Ford Introduces Its All-New Bronco Family of Utility Vehicles

New Ford Bronco has the Jeep Wrangler in its crosshairs.


Pre-production versions of the all-new 2021 Bronco family of all-4×4 rugged SUVs, shown here, include Bronco Sport in Rapid Red Metallic Tinted Clearcoat, Bronco two-door in Cyber Orange Metallic Tri-Coat and Bronco four-door in Cactus Gray.

On Monday, the Ford Motor Company introduced a new series of Bronco vehicles, capitalizing on an iconic name first launched in 1965. The new Broncos, which are composed of two- and four-door SUVs, and one crossover utility vehicle, are designed to help Ford recapture much of the off-road glory it enjoyed in years past.

Bronco SUVs

Production is slated to begin in early 2021 for the standard Bronco models. Ford says the base version will cost $29,995, plus destination. Buyers can reserve one immediately for just $100. The two-door seats four; the four-door seats five.

Ford is touting the new Broncos through its “Built Wild” campaign, which they say is based on “thrilling experiences” through its “heritage-inspired style, engineering and smart off-road technology, plus innovative features to help outdoor enthusiasts create adventures in the most remote corners of the world.” In other words, the new Broncos capture the heritage and capabilities of the original, while incorporating current engineering practices and technologies.

“We created the Bronco family to elevate every aspect of off-road adventure and equipped them with class-leading chassis hardware and exclusive technologies to raise the bar in the rugged 4×4 segment and take people further into the wild,” said Jim Farley, Ford chief operating officer. “They’re built with the toughness of an F-Series truck and performance spirit of Mustang – and come wrapped in one of the most stunning and functional off-road designs that’s true to the original Bronco design DNA.”


Pre-production versions of the all-new 2021 Bronco family of all-4×4 rugged SUVs, shown here, include(left) Bronco two-door in Cyber Orange Metallic Tri-Coat, Bronco four-door in Shadow Black and Bronco Sport in Rapid Red Metallic Tinted Clearcoat.

Standard Four-Wheel Drive

The new Broncos will feature four-wheel-drive exclusively, something that’s certain to catch the attention of off-road enthusiasts. Depending on the configuration, the new Bronco will benefit from as many as seven driver-selectable modes including Normal, Eco, Sport, Slippery and Sand, with Baja, Mud/Ruts and Rock Crawl for off-road driving.

A pair of four-wheel-drive systems are offered on all Bronco models: a base arrangement and a more advanced package. The standard system makes use of a two-speed electronic shift-on-the-fly transfer case, while the optional advanced system features a two-speed electromechanical transfer case that adds an auto mode for on-demand engagement to select between 2H and 4H. Ford says power is distributed to a Dana™ 44 AdvanTEK® solid rear axle and Dana AdvanTEK independent front differential unit – both with available Spicer® Performa-TraK™ electronic locking differentials for improved traction over rough terrain.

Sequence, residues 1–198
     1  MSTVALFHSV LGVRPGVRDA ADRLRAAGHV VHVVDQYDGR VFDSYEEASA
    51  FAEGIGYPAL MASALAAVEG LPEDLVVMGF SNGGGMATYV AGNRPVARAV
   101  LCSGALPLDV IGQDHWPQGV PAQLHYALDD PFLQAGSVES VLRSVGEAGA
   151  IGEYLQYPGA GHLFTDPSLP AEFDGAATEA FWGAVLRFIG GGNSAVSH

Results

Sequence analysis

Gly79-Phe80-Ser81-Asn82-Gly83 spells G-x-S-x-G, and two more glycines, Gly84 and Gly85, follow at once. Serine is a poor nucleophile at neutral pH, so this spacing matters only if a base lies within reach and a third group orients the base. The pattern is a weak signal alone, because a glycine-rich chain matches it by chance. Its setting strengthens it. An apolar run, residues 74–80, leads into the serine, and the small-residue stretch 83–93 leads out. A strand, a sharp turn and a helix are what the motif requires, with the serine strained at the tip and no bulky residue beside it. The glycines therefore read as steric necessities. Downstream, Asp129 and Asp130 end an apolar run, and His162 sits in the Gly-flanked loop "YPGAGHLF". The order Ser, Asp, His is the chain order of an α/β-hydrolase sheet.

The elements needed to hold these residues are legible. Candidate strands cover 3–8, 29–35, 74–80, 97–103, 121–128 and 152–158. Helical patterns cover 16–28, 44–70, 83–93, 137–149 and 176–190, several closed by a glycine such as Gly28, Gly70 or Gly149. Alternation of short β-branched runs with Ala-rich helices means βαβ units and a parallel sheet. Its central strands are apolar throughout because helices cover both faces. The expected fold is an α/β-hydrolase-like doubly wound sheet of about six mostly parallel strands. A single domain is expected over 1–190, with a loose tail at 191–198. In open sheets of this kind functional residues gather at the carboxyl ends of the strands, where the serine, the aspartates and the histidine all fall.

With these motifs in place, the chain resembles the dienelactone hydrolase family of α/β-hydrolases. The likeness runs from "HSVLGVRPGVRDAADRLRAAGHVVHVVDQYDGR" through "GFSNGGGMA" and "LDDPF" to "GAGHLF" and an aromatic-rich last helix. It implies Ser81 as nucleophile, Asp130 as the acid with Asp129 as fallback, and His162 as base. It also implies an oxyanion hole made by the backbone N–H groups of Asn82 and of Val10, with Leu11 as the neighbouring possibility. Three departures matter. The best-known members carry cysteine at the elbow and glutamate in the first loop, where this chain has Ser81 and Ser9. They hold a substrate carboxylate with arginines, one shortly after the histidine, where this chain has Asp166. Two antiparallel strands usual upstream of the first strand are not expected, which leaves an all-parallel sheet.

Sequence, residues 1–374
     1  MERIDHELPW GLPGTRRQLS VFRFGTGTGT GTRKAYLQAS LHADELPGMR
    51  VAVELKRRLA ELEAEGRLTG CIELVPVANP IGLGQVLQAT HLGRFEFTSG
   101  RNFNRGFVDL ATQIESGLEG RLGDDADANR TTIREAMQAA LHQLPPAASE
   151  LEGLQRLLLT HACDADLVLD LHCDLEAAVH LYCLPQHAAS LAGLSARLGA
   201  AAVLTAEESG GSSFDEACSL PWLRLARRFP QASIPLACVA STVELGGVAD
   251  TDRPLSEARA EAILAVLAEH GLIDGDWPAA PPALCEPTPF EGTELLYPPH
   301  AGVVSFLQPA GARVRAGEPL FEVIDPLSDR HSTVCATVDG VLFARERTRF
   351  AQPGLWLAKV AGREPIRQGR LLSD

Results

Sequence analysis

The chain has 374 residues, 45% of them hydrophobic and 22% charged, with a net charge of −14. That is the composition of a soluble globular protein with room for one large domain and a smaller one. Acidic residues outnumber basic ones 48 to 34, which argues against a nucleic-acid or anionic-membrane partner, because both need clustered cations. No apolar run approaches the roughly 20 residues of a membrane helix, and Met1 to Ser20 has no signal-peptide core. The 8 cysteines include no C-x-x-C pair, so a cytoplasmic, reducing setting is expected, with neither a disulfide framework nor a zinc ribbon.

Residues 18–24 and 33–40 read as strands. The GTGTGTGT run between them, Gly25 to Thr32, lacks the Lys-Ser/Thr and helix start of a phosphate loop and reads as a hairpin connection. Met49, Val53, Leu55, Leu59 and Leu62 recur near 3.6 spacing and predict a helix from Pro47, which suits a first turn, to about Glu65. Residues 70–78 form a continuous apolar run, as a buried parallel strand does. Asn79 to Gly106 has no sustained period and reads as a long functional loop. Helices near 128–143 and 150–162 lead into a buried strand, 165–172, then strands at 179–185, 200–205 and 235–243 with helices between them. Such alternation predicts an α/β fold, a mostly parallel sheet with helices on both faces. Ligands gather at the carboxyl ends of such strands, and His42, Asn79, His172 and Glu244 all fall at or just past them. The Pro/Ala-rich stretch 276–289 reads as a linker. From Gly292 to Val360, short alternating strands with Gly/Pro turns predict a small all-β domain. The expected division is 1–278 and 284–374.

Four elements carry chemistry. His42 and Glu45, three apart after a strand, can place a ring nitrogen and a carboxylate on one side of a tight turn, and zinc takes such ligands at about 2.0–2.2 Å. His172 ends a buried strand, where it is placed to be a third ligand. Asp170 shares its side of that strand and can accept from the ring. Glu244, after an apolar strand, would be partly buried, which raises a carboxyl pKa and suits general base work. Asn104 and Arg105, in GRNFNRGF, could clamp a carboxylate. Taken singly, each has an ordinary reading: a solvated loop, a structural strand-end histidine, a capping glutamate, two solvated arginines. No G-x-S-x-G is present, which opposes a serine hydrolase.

Powertrain Choices

Ford has a pair of powertrain choices for the 2021 Broncos. The standard 2.3-liter turbocharged four-cylinder engine is a familiar one, as it is utilized in various Ford products, including the Mustang. In the Bronco, it develops 270 horsepower and 310 pound-feet of torque. Also available is a 2.7-liter twin-turbocharged V6 engine with 310 horsepower and 400 pound-feet of torque.

The base engine works with either a 7-speed Getrag manual or a 10-speed automatic transmission. The Getrag unit is especially interesting as it is composed of the six standard forward gears and one crawler gear. As for the V6, it comes with the automatic only.


An available 12-inch SYNC4 system features over-the-air updates along with seamless integration to the FordPass Performance app with off-road navigation.

Off-Road Prowess

The new Broncos will enjoy excellent off-road capability thanks to its available best-in-class 11.6-inch ground clearance, upwards of a 43.2-degree approach angle, a maximum 29-degree breakover angle, and a 37.2-degree departure angle. Ford also says the new SUV will enjoy best-in-class water fording capability of up to 33.5 inches. The Bronco also has exposed tow hooks in the front and rear and available heavy-duty modular steel bumpers with an integrated Ford Performance accessory winch mount.